Restoring Streams and the Pulse of Tides
Three small projects with outsize impact have been focusing the reserve's attention in this latter half of 2015. Completing these minor feats of engineering will improve the ecology of local watersheds for generations to come. Our science and stewardship team planned for months and years to set up these moments of action on Goff Mill Brook, Branch Brook, and the York River.
In the fall 2015 issue of Watermark:
- Letting it Flow: Restoring Streams and the Pulse of Tides
- Sea Changes
- St. Nick's Notebook
- Teaching about coastal impacts of climate change
- End of the line (and a Nik – St. Nick conversation)
- Volunteers Recognized 2015
- Draft FY2015 Financial Report
- Coming in 2016
- In it for the Long Run: Research associate Jeremy Miller describes today with an eye on tomorrow
- People News
- Drakes Island Entrance Upgrade
- Constant Change: Never the same river twice
- In the Flow: Our current work on local rivers
- Solar Success: Meeting all electricity needs while cutting carbon
- 300 Reasons to Go Solar
- Congressional Record
- Growing with Volunteers
- Education Outreach: Running some numbers
- Naming Native Plants
- Going to the Beach: Our work on Maine’s strands of sand
- New Members
- Big Events
Associated People Jeremy Miller
Jeremy Miller embraces the long view. His projects depend on it. As lead technician for our system-wide monitoring program (SWMP), as state coordinator for monitoring marine invasives (MIMIC), and as lead scientist on the reserve’s larval fish study, Jeremy adds pieces to puzzles without predefined shape. He knows that patterns begin to emerge only after years of methodical, meticulous data collection.
In this issue of Watermark:
- King Tide 2014
- For Peat's Sake: Storing Carbon in Coastal Wetlands
- Up Front: Kayak Tours, Maine Island Trail, Soundscapes, Larval Fish, Branch Brook, SWMP, MIMIC
- 2020 Vision
- Sandy Dialogues: Preparing for Disaster
- CT Scanning: A Novel Technique for Studying Salt Marsh Mud
- Nature-based Learning for York County Head Start Families
- Science-based Stewardship on Display
- Finding Common Ground on Maine's Beaches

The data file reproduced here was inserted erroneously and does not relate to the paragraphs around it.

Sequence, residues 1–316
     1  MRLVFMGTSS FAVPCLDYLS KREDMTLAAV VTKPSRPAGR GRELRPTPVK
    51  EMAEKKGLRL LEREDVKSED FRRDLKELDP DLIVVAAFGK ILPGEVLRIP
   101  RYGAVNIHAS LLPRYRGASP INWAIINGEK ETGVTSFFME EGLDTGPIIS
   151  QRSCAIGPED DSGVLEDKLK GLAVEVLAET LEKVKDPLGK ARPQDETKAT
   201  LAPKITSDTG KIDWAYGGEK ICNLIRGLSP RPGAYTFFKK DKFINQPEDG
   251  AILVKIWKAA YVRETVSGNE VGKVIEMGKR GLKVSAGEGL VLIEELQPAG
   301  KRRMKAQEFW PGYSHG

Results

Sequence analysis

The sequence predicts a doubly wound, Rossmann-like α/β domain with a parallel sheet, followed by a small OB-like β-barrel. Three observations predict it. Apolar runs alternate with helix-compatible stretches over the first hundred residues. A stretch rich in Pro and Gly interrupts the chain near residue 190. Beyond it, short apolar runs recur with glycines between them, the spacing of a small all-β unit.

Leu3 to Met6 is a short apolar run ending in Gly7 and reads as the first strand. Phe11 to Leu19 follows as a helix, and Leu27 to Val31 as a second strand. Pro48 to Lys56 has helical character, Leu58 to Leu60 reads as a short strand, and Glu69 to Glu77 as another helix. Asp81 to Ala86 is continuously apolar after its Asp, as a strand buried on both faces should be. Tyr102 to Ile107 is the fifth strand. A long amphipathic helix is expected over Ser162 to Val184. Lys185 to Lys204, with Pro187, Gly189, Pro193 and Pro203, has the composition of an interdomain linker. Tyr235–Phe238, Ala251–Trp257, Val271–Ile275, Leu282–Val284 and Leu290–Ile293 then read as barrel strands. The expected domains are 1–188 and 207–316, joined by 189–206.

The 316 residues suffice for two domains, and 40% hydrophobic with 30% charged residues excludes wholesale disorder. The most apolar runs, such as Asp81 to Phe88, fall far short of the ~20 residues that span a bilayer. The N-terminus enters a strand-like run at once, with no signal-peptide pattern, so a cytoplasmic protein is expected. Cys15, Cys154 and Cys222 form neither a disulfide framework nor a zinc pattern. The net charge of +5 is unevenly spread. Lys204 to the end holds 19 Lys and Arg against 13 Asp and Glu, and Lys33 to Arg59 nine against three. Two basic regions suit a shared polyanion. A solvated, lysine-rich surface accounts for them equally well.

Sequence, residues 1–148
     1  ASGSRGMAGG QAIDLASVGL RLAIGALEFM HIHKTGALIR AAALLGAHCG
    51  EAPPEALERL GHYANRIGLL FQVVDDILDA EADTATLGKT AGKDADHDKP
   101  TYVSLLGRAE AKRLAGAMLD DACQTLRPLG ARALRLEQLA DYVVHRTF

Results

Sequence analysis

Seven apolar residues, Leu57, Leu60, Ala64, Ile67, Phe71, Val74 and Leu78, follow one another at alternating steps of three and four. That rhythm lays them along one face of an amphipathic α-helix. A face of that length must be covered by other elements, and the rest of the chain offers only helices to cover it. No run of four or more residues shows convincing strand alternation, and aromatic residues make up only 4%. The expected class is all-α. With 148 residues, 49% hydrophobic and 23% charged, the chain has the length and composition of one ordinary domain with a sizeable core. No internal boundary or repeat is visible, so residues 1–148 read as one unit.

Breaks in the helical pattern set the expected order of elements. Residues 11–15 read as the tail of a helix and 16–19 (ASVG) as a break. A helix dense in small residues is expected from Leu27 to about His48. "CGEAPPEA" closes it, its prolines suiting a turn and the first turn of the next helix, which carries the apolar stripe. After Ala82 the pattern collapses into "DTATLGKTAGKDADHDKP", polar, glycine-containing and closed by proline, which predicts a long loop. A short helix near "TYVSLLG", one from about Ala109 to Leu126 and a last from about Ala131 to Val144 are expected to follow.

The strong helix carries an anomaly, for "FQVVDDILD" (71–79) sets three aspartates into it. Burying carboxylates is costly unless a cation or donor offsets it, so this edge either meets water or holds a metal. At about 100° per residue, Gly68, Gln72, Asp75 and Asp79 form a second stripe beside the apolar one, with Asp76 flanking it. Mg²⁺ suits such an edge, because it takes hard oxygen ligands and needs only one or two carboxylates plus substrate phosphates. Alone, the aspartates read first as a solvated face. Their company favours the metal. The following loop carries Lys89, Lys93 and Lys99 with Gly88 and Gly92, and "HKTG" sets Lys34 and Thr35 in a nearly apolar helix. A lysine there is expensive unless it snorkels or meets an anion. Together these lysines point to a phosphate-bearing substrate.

- Public Access Guides Cover Entire Coast of Maine
- About Shoreline Access in Maine
- FY2014 Financial Report (draft)
- 3 Cheers for Volunteers
In 1989, after a few years away, my wife and I moved back to Maine. Just a few months earlier, the Maine Supreme Court had handed down its “Moody Beach decision,” confining public use of privately owned beach property to the colonial era’s permitted uses of “fishing, fowling and navigation.” As someone with a profound love for the Maine coast, I read the court’s decision with great personal and professional interest.
For most of my career, I have worked to conserve special places in Maine — to protect natural resources and to provide the public with access to the coast. Realizing that 2014 would mark 25 years since “Moody,” I organized a public lecture series so people could better understand and appreciate the legal issues surrounding public access and private ownership of coastal lands.
This summer and fall the Reserve hosted four evenings that involved all the key players from “Moody” and subsequent court cases dealing with coastal access in Maine. Each time, we filled the auditorium to capacity.
It was a great experience for all of us. Together we learned that Maine is not an anomaly; other states have access conflicts and must also contend with legal ambiguities over shoreline use and ownership.
Associated People Nik Charov
Nik's Notebook: Welcome, Invaders!
Maine has historically (and, at times, comically) viewed those "from away" with great suspicion and even scorn. Rightly so, when it comes to invasive, non-native species like mouse ear snails, red algae, and European green crabs that all now impinge on our Gulf. These diabolical intruders, and many more, are a horror story for our coast, but they're just one tale in this Summer 2014 issue of Watermark, your beach reading from the Wells Reserve at Laudholm.
Because while these aquatic invaders may come "from away," so too do our annual fresh-faced summer interns, our many excellent research partners, and continual new ideas. And truly, Southern Maine's beach towns would be ghost towns without our summer tourists. So we welcome all these new arrivals to the Wells Reserve at Laudholm and hope they take back home with them, from their visits or even just by reading this summer newsletter, a little bit of "the way life should be." Or could be, anyway, with a little more science, education, and conservation.
Have a wonderful summer. Do come over; it's your Reserve!
In this issue of Watermark:
- Switching to Solar
- Completed and Active Projects
- Nik's Notebook: Giants
- Honors for Education
- Selections from The Wrack
- Spiffed Up
- Dionne Symposium
- New Research Director
Download the PDF (3 MB)
The Wells Reserve at Laudholm is special. Not a day passes that we don’t think of this unique place as a gift to those of us who work here, to the wildlife that abounds here, to the coast of Maine and to the international community of estuaries, and of course to our members and to the public.